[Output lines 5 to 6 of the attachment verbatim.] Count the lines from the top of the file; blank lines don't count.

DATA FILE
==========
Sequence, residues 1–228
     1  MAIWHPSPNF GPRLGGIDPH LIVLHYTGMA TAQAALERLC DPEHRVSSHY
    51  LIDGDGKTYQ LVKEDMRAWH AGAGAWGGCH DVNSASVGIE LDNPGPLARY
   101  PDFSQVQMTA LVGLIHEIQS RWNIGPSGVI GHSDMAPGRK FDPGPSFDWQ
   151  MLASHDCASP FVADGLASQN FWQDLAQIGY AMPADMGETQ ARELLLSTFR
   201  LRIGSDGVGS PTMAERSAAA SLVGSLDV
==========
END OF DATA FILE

   151  MLASHDCASP FVADGLASQN FWQDLAQIGY AMPADMGETQ ARELLLSTFR
   201  LRIGSDGVGS PTMAERSAAA SLVGSLDV